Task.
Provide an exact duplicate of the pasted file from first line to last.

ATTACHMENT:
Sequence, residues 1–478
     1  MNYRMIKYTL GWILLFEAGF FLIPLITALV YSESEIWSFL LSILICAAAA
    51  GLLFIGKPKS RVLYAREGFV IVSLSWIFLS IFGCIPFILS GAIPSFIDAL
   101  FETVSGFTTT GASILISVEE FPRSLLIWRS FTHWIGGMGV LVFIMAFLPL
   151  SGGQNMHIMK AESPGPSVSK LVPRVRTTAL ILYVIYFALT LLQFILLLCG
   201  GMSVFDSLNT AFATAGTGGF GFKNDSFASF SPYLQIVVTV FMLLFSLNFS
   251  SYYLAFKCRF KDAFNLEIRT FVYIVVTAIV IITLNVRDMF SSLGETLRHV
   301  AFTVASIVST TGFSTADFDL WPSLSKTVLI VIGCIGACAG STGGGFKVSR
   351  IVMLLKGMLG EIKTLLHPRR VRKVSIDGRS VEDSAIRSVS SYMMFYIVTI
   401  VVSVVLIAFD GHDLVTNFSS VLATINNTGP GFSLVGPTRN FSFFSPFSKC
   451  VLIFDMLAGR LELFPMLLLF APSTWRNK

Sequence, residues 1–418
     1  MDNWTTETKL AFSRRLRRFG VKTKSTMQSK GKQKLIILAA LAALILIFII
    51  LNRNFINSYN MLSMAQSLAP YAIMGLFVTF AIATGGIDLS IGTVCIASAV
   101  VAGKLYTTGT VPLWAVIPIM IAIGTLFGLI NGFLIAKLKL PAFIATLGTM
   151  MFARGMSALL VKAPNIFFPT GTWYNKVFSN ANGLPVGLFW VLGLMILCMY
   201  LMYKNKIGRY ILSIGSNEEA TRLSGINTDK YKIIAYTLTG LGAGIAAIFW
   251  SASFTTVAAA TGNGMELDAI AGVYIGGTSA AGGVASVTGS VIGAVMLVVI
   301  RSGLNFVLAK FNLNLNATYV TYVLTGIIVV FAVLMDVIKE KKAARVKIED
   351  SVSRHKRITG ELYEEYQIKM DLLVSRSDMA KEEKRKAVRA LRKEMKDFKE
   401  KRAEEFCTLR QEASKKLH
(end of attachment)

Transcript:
Sequence, residues 1–478
     1  MNYRMIKYTL GWILLFEAGF FLIPLITALV YSESEIWSFL LSILICAAAA
    51  GLLFIGKPKS RVLYAREGFV IVSLSWIFLS IFGCIPFILS GAIPSFIDAL
   101  FETVSGFTTT GASILISVEE FPRSLLIWRS FTHWIGGMGV LVFIMAFLPL
   151  SGGQNMHIMK AESPGPSVSK LVPRVRTTAL ILYVIYFALT LLQFILLLCG
   201  GMSVFDSLNT AFATAGTGGF GFKNDSFASF SPYLQIVVTV FMLLFSLNFS
   251  SYYLAFKCRF KDAFNLEIRT FVYIVVTAIV IITLNVRDMF SSLGETLRHV
   301  AFTVASIVST TGFSTADFDL WPSLSKTVLI VIGCIGACAG STGGGFKVSR
   351  IVMLLKGMLG EIKTLLHPRR VRKVSIDGRS VEDSAIRSVS SYMMFYIVTI
   401  VVSVVLIAFD GHDLVTNFSS VLATINNTGP GFSLVGPTRN FSFFSPFSKC
   451  VLIFDMLAGR LELFPMLLLF APSTWRNK

Sequence, residues 1–418
     1  MDNWTTETKL AFSRRLRRFG VKTKSTMQSK GKQKLIILAA LAALILIFII
    51  LNRNFINSYN MLSMAQSLAP YAIMGLFVTF AIATGGIDLS IGTVCIASAV
   101  VAGKLYTTGT VPLWAVIPIM IAIGTLFGLI NGFLIAKLKL PAFIATLGTM
   151  MFARGMSALL VKAPNIFFPT GTWYNKVFSN ANGLPVGLFW VLGLMILCMY
   201  LMYKNKIGRY ILSIGSNEEA TRLSGINTDK YKIIAYTLTG LGAGIAAIFW
   251  SASFTTVAAA TGNGMELDAI AGVYIGGTSA AGGVASVTGS VIGAVMLVVI
   301  RSGLNFVLAK FNLNLNATYV TYVLTGIIVV FAVLMDVIKE KKAARVKIED
   351  SVSRHKRITG ELYEEYQIKM DLLVSRSDMA KEEKRKAVRA LRKEMKDFKE
   401  KRAEEFCTLR QEASKKLH